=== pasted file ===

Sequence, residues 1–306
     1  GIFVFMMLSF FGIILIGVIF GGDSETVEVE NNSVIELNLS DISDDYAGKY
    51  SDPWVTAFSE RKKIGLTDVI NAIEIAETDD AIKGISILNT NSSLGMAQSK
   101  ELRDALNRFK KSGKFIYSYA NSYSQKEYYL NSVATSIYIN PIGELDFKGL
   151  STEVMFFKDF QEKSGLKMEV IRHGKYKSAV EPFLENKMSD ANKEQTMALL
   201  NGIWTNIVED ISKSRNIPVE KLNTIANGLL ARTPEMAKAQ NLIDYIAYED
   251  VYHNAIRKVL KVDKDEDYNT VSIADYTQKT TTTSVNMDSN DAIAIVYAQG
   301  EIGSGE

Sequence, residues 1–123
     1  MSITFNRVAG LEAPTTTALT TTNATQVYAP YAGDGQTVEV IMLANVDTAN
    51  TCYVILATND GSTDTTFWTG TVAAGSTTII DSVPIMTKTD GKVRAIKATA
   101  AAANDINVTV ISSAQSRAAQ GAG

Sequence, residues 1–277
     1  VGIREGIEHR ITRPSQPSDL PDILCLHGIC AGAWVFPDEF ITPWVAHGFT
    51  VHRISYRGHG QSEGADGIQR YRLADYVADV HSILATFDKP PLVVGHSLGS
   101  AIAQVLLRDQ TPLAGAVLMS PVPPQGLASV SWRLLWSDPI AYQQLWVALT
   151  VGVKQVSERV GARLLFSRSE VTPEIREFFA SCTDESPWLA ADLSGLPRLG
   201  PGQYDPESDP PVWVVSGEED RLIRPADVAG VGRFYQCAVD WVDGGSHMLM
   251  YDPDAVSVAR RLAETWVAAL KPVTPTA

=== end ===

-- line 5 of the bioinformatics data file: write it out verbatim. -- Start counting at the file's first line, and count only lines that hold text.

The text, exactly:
   151  STEVMFFKDF QEKSGLKMEV IRHGKYKSAV EPFLENKMSD ANKEQTMALL